*JOURNAL

A home for mixed mediums, experimentation with photography, writing, case studies, and things I like. Welcome to my version of a blog.

You Won't Like This.

Too often, we're thinking, pondering, and trying our best to understand the perspective others have on us. It's why we emphasize branding, why we capture things a certain way, why we wear a cool brass bengal on our wrist, and why we don't step outside our perceived roles. This puts us in a corner and doesn't allow the freedom to be creative, to try something new, or to feel comfortable while being different. The culture of the internet, likes, and interaction only enforce this principle. We've learned since day one that "you have the be JUST the outdoors guy, or the interiors guy, or the funny twitter guy." When we step outside our roles in this way, we find that our means of encouragement isn't there for it and doesn't back it up, even if it is actually considered good to a totally different audience. In this way of comparison, we cannibalize ourselves from creating new things because our systems of support are only there for the safe things.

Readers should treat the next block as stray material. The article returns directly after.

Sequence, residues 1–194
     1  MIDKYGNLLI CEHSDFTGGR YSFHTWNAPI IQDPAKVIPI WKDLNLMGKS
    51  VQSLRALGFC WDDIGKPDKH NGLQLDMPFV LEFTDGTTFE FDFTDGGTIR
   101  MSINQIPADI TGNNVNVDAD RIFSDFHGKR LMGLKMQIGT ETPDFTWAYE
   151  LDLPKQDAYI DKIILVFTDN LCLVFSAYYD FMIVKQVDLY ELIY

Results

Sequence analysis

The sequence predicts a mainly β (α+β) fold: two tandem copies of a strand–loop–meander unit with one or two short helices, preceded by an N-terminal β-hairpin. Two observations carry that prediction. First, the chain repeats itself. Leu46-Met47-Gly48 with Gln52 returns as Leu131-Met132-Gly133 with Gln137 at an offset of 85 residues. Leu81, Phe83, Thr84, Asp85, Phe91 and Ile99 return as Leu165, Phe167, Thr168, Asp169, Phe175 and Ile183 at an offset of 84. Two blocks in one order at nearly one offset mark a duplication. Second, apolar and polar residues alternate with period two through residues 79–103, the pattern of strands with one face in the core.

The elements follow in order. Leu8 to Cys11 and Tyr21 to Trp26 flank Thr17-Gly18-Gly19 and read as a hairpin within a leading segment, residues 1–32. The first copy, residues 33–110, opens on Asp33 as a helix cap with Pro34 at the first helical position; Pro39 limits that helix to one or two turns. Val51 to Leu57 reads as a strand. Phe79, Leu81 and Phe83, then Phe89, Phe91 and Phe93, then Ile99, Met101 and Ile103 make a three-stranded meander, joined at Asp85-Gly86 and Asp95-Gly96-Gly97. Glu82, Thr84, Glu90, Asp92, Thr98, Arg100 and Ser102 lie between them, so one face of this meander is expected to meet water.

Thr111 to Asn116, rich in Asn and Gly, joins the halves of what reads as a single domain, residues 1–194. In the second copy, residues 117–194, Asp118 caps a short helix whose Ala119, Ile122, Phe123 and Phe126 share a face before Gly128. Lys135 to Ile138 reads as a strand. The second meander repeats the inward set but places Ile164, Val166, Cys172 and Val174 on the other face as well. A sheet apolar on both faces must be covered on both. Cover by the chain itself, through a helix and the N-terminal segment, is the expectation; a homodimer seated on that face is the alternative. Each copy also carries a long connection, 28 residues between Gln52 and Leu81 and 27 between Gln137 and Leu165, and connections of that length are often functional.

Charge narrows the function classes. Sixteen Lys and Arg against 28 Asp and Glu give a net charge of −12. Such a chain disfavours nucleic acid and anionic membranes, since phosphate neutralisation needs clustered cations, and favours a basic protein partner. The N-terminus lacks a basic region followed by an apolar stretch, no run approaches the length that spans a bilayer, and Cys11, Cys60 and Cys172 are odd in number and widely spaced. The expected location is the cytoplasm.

This concept and complaint has been beaten to death by so many different viewpoints, but the few have offered any solution or perspective that's helpful for a permanent change. While I don't consider my own solution something that will work for everyone, it has helped me get out of dark places when I haven't felt creative and haven't seen any light. I hope that may be the case for some others, too.

In all things, pointing out a problem without proposing a solution is irresponsible and mainly just annoying. That said, here's a quick "fix" that covers, at minimum, the foundation of the problem:

Change the space where you get encourgement. Pick a few people you really look up to, let them be your mentors for everything, and be open to criticism from them. The most critical part of this is keeping this group as small as possible. That provides the chance for actually trusting someone and growing in the best possible way. 

Relying on the options of the masses doesn't lead to a uniform understanding of creating for yourself. The masses have varying understandings of what's good in general and also what's good for YOU, the creator. Instead of listening to them, their likes, and their feedback, find your small group and let them be the judges of your growth. Mentorship isn't dead and isn't something we should take for granted when it's provided. 

Tyler PhenesComment